- 2015 Willm Riesling, Alsace-Alsace is quite north in France, making it influenced by Germany in their winemaking, and a bit in their culture as well. The grapes here mature more by light than by heat, since there isn’t much heat. This is a pretty typical Alsace Riesling. It is mostly dry with a hint of sweetness. It has the typical petrol nose with floral and honey notes. It tastes pretty much exactly how it smells, is quite sour and a bit bitter.
- 2013 Zind-Humbrecht, Gewurztraminer- Another German-influenced wine from Alsace, this one is very different than the Riesling with a darker color and far more aromatic. It has notes of vanilla, rose, and tropical fruits. The grapes were quite ripe, producing a wine that is dry, but very high in alcohol that created a viscosity and an astringency that is unusual in other whites. The perfect wine for Thai food (in my opinion because I love thai food).
- 2013 Terres de Velle Meursault Cru AOC- Burgundy is all about place, and farming. The wine producers here place a huge importance on the land and the family farms, unlike some other regions in France that place more weight on the brands. The soil here is limestone which is great for growing Chardonnay. This wine is aged on the lees and in French oak, which brings out more of the wine characteristics than American oak. It has those typical lees aged smells of yeast, butter, toast, and even some carmel. You can also smell the oak in this wine. In the mouth it is a bit like creme brulee, and would be very good with it as well!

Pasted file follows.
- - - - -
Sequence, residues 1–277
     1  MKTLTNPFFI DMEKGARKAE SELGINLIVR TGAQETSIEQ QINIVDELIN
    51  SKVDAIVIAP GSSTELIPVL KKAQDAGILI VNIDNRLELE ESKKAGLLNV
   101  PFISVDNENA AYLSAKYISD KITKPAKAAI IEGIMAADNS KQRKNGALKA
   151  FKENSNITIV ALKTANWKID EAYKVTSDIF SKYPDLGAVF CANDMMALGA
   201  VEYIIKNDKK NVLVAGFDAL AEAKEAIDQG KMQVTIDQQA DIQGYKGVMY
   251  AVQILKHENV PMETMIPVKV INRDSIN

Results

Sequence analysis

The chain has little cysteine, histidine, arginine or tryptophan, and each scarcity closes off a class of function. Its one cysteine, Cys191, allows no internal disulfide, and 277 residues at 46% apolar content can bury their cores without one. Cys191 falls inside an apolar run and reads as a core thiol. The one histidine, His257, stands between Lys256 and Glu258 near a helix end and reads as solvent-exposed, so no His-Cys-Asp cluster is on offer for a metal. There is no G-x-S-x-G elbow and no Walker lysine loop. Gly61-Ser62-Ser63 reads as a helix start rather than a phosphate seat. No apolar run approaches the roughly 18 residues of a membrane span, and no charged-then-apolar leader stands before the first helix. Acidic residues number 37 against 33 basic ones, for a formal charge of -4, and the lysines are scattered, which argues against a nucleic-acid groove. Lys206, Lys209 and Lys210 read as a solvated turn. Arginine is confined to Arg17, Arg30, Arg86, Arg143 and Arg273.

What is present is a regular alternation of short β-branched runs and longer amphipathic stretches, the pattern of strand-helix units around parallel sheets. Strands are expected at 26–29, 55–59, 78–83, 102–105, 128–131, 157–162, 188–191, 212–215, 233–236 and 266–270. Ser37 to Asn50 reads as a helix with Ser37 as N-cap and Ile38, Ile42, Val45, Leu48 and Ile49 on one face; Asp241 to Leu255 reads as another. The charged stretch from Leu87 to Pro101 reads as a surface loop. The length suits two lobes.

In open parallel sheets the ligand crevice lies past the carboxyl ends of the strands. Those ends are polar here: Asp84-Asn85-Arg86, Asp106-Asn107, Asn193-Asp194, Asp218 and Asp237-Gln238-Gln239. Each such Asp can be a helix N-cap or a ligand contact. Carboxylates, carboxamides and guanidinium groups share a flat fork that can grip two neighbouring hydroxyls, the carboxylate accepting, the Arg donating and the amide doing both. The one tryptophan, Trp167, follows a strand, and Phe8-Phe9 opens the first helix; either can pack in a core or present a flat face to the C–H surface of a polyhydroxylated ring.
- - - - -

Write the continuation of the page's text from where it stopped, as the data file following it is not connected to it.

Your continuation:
- 2014 Ninot, Rully “Chaponniere”- Burgundy is famous for their Pinot Noirs. They hold a lot of finesse, which I think could be a result of the time and effort the winemakers put into the farming process here. It is a light wine that is semi-aromatic with notes of red berries, minerals, a bit metallic, and also a lot of rose type floral scents. In the mouth it is dry, and that is the most prominent characteristic.
- 2012 Chateau Pindefleurs Saint. Emilion Grand Cru- This right bank Bordeaux is a blend of about 80% Merlot and 20% Cabernet Franc. Deep ruby in color, and semi-aromatic with a lot of oak on the nose, this wine is big and sumptuous. In the mouth it is acid driven with notes of oak and spice. It makes me want lamb.
- 2010 Chateau Lanessan, Haut-Medoc- To compare, this is a left bank Bordeaux and it has probably about 50% Cabernet Sauvignon in it. It is dark in color, but with less purple undertones than the right bank one. There is more of a Cabernet Sauvignon profile in the nose with some vegetal bell pepper notes, along with some spice. It is dry and very astringent, with a mouth that is much the same as the nose.
- 2013 Ferraton “La Matinirere” Crezes Hermetage- Moving on to the Rhone Valley where Syrah is the mein red grape variety. A defining characteristic of this wine is the “wildness”, meaning that it is kind of animaly in the nose. The pungent notes of leather are quite strong in the nose and even in the mouth, where it is dry and astringent.
- 2013 Perrin Chateauneuf du Pape “Les Sinards”- Like most other southern Rhone red blends, this is a Grenache, Mourvèdre, Syrah blend and grown in sedimentary soil. It is very neutral on the nose, with notes of red berries and spice, a relief after the last wine. The wine is dry and slightly tannic, with a similar mouth to the nose. A lovely way to finish off.